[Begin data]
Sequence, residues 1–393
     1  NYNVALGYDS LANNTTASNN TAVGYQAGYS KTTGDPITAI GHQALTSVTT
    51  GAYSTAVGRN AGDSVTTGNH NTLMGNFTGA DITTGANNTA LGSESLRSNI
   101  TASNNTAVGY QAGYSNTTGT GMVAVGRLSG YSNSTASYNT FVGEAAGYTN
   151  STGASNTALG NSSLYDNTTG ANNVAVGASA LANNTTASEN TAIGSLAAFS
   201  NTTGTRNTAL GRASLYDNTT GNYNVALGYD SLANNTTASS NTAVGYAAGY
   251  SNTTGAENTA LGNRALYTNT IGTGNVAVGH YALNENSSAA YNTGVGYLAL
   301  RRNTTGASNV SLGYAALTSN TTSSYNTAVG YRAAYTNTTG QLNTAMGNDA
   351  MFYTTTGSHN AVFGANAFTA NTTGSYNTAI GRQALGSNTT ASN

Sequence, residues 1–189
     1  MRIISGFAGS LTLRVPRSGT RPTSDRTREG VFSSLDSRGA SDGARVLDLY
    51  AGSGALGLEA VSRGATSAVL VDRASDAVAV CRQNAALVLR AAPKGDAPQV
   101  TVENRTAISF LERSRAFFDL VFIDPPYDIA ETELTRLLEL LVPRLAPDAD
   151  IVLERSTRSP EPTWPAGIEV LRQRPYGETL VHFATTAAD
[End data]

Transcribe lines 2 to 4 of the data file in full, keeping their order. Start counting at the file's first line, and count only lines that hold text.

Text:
     1  NYNVALGYDS LANNTTASNN TAVGYQAGYS KTTGDPITAI GHQALTSVTT
    51  GAYSTAVGRN AGDSVTTGNH NTLMGNFTGA DITTGANNTA LGSESLRSNI
   101  TASNNTAVGY QAGYSNTTGT GMVAVGRLSG YSNSTASYNT FVGEAAGYTN